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The Great Choreographer William Forsythe Is In Town

I’ll admit it: I am a fan girl.

Last week, I got to sit down with one of my choreographic heroes, William Forsythe.

I came away from that conversation with renewed admiration for both Forsythe’s dances, and his respect and love for dancers – and theirs for him.

Forsythe has been in residence at Pacific Northwest Ballet since the start of March, in preparation for the March 13 opening of the first American all-Forsythe evening, “The Vertiginous Thrill of Forsythe.”

The bill includes one dance local audiences have seen, “In The Middle, Somewhat Elevated.” But PNB also will present the American premiere of “New Suite,” a 2012 compilation of pas de deux that Forsythe says he “rescued” from works that had fallen by the wayside. “New Suite” has been performed only by Dresden Semperoper Ballett before this Seattle premiere.

If you Google videos of Forsythe ballets, you’ll come up with some hits, but many of those videos are fragmentary, or of poor quality. Forsythe believes that people need to see his work in the arena for which it was created: live and in person.

That may be why he’s made his first professional trip to Seattle to work with the PNB dancers.

Although he’s American, Forsythe has spent most of his professional career in Frankfurt, Germany, first with Frankfurt Ballet and then, after he was forced out, with the dance company that now bears his name.

Many American companies have Forsythe ballets in their repertoires, and the choreographer has worked with some of those companies.

“I would say one thing about Americans: There’s a very can-do mentality, and I like that,” he says.

When you watch Forsythe, now in his mid-60s, in the PNB studios, you understand that part of the "can-do" mentality is fostered by the evident affection and respect that Forsythe has for the dancers.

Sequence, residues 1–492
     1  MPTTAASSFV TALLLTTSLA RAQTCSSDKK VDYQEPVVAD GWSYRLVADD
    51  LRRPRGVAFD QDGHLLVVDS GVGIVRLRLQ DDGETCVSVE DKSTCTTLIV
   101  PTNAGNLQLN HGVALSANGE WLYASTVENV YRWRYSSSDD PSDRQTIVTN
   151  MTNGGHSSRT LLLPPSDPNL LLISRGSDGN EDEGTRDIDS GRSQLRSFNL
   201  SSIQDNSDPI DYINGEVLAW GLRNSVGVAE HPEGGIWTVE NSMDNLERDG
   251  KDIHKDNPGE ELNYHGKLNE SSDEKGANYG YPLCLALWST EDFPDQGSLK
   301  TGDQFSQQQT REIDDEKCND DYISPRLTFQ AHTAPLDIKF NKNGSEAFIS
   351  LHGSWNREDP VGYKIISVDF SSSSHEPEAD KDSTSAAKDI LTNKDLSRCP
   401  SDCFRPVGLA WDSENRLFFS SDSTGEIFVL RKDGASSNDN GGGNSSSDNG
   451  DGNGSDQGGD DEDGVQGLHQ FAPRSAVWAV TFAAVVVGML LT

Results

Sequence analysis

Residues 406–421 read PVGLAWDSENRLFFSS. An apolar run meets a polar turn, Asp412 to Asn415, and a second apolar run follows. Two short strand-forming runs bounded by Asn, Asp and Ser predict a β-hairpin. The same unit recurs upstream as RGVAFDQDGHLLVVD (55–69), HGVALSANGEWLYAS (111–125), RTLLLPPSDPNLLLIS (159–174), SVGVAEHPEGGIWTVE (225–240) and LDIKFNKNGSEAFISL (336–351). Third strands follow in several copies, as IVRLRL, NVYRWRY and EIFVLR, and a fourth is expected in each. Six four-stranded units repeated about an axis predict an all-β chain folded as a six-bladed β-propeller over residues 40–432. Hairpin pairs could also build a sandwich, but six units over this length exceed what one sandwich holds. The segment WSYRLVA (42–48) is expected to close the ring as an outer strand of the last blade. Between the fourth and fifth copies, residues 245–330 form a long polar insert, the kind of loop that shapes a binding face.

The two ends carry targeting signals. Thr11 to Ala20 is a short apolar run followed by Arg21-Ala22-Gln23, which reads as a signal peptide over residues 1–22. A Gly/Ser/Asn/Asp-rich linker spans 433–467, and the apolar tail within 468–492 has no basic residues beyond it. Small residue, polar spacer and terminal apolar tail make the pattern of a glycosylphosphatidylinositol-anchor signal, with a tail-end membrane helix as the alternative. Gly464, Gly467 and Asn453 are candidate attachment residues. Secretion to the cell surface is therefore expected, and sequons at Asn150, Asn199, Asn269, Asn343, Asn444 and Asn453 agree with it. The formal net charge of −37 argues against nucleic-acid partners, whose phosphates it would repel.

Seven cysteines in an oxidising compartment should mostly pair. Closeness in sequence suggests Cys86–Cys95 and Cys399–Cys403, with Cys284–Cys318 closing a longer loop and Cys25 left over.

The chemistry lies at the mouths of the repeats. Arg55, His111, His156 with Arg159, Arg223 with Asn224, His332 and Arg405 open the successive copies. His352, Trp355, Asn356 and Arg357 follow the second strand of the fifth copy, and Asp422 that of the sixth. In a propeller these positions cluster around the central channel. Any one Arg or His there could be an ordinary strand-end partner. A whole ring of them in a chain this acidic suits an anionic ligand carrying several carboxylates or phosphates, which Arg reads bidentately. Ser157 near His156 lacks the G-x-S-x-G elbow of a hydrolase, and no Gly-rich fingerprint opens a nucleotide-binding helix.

“Gather ’round, my dears!” he beckons with a smile at a recent rehearsal.

The dancers are like sunflowers bending to the warm light as they form a large circle around him. After a few explanatory words, he sets to work. He and stager Kathryn Bennetts do individual coaching before a planned run-through of “In the Middle…”

“I’m really interested in building good dancers in the process of setting the work, not just setting the work,” he explains.

But it’s the work that really seems to thrill dancers.

Laura Graham danced for Forsythe at Frankfurt Ballet. Now she travels the world staging his ballets. Graham believes Forsythe’s choreography pushes the borders of traditional ballet, technically and stylistically.

“Pas de deux, created by Bill, there’s no comparison to any other choreographer,” she says. “It’s challenging, stimulating, oh, add all the adjectives you want!”

It’s clear most of the PNB dancers agree with Graham’s assessment. Principals Seth Orza and Jerome Tisserand wore huge smiles during a recent rehearsal break. Orza, just back from an injury, is still regaining his strength and energy, so he has to push himself hard to meet Forsythe's expectations. That effort doesn’t seem to faze him.

“It’s great,” he says. Tisserand nods his agreement. Corps de ballet member Chelsea Adomaitis is even more effusive. “It’s the best!” she says beaming.

The PNB dancers have worked with many of the world’s best living choreographers: Twyla Tharp, Mark Morris, Alexei Ratmansky, to name a few. But it’s clear that William Forsythe has inspired them to take their work ethic, and their artistry, to a new level.

“I try to give them a kind of ownership or authority,” Forsythe says. “Usually I say at the beginning of rehearsal, listen, all of us in this room are experts. So let’s just start from that point.”

The Pacific Northwest Ballet’s “The Vertiginous Thrill of Forsythe” runs March 13 to 22 at McCaw Hall.

Here’s a link for a discount for the March 14 matinee performance. I will be leading a post-show conversation with Peter Boal, PNB's artistic director and some of the artists in that matinee. Hope to see you there!